Saturday, April 28, 2012

The case for a National Investment Bank


As an economic recovery strategy austerity is not working. Defenders of the "orthodox neoliberal" response to the ongoing economic crisis often demand to know what the alternatives are to their favoured cut-now think later strategies. In this series I'm going to explore what some of these economic alternatives could be.


Decades of orthodox neoliberal politics meant that huge sectors
of the UK economy went to ruin for lack of state intervention,
however when the neoliberal financial sector elite got into trouble
the state immediately tore up the neoliberal rule book to provide the
biggest state subsidies in UK history to their financial sector mates.
The UK economy is stagnating in the wake of the neoliberal economic meltdown because corporate banks are too busy deleveraging and gambling on the unregulated derivatives market to make loans to people and businesses in the "real economy". Without finance, small and medium sized businesses are unable to expand and create employment, while many larger businesses are being forced to downsize due to lack of credit and the weakness of the wider economy.

For decades the UK political establishment concentrated on turning the UK into a London centric financial services based economy, leaving large sectors of the real productive economy (manufacturing, mining, steel, ships, train building, HGV production) to decline and ruination for the lack of government support. What makes this neglect so much worse is that when their beloved neoliberal financial sector experiment collapsed under a landslide of debt, the Neo-Labour government of the day piled in to save the financial sector elite with the largest state subsidies in British history (90%+ of GDP on bank bailouts and the nationalisation of debt riddled institutions). After sitting on their hands and allowing British industry to fall into desperate decline in compliance with the neoliberal mantra that "state intervention is bad", they immediately ditched the principle in order to bail out the financial sector temples of neoliberalism that had so enthusiastically supported the government's destructive hands off economic approach.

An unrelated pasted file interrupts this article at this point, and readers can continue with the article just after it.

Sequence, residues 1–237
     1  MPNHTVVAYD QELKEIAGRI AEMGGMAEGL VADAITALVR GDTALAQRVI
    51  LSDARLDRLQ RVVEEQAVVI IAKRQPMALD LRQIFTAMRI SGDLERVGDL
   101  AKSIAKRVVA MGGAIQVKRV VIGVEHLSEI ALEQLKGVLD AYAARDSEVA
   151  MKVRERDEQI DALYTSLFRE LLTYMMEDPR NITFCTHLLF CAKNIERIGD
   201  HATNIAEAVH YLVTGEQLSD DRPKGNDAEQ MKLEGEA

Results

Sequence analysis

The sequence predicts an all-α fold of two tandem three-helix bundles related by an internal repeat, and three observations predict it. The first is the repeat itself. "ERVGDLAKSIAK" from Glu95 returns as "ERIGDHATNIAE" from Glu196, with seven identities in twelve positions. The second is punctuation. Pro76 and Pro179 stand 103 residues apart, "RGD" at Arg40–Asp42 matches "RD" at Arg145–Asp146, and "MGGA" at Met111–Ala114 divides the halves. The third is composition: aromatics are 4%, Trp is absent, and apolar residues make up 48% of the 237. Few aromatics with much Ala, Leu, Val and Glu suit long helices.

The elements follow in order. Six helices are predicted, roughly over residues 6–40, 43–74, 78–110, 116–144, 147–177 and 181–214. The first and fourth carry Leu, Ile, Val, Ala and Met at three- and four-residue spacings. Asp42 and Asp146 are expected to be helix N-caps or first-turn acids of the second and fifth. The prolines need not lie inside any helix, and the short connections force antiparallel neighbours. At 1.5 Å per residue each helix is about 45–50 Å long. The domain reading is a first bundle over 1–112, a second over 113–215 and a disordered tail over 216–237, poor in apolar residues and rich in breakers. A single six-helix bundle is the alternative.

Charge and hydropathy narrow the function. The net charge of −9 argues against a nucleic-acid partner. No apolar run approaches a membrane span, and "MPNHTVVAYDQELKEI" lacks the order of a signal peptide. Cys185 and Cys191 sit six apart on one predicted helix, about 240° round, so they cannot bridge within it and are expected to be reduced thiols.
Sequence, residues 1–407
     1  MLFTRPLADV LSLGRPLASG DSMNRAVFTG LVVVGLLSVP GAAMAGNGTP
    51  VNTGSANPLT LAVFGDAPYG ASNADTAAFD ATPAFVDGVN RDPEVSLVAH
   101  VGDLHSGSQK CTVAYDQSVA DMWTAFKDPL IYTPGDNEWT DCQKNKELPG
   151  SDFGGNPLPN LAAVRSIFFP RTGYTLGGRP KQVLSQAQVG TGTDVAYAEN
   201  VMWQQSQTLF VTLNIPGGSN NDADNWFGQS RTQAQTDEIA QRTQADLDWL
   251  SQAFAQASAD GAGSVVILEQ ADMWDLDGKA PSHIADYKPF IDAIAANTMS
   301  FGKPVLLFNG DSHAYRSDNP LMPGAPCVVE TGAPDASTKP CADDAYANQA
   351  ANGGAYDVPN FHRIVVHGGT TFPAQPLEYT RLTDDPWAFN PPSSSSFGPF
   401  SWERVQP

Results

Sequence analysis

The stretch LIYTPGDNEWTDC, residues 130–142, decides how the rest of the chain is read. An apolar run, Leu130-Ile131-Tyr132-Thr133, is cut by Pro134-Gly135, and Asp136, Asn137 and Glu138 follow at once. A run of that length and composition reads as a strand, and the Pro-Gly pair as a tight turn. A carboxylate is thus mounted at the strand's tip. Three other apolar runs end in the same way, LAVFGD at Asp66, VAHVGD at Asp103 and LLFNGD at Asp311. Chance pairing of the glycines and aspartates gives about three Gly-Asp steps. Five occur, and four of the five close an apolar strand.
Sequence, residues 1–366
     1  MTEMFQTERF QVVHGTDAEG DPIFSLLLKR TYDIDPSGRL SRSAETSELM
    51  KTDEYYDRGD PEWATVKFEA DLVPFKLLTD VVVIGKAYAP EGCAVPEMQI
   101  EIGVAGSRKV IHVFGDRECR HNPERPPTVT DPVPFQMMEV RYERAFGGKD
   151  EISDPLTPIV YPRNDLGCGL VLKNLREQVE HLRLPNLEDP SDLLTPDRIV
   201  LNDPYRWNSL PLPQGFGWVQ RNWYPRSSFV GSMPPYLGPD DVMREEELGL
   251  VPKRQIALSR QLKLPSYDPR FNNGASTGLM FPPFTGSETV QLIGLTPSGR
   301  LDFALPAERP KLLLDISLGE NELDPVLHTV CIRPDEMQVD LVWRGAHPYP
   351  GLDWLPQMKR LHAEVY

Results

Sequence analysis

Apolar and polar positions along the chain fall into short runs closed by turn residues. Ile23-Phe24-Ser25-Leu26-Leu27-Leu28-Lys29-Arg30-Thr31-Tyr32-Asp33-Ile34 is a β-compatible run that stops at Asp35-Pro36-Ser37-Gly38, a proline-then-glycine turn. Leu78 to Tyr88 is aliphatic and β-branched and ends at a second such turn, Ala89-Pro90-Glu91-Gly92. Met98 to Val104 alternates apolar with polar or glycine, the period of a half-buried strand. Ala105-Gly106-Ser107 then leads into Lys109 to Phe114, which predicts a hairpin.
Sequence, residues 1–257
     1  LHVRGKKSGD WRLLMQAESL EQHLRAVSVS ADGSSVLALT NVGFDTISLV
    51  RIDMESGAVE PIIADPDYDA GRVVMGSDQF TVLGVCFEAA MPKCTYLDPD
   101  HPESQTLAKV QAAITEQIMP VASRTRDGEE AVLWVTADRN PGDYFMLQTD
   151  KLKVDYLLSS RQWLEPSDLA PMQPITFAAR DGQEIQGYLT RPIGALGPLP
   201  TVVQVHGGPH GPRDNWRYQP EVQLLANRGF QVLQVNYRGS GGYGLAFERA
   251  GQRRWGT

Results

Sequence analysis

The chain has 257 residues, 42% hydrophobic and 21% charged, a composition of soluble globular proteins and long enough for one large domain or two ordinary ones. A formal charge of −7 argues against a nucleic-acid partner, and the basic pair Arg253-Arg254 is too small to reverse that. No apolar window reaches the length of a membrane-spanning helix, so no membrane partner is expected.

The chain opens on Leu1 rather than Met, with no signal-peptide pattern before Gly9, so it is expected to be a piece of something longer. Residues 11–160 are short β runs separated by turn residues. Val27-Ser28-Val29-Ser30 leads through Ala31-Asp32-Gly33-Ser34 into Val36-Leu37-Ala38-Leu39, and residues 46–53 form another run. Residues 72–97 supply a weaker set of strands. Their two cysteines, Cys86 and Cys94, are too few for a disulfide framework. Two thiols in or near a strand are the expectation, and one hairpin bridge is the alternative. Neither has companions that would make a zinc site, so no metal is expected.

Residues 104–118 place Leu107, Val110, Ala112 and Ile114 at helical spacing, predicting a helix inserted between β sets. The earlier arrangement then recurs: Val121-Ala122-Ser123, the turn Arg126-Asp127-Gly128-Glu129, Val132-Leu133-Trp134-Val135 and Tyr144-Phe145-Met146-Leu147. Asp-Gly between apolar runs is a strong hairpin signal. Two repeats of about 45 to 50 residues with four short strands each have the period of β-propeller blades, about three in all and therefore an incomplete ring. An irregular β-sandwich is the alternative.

The financial sector lapped up the government cash, took hundreds of billions more in secretive ultra low interest loans from the Bank of England and the US Federal Reserve and another £325 billion in freshly printed quantitative easing cash from the Bank of England, yet virtually all of this cash was simply used to pay down their extraordinary gambling debts (deleveraging), with little of it filtering through to the "real economy". Any money that did filter through to the "real economy" came in the form of loans with interest rates way above the minimalist rates of the secretive central bank loans. It is quite clear that the financial sector simply set about profiteering with their bailout funds rather than using them for the best interests of the wider economy.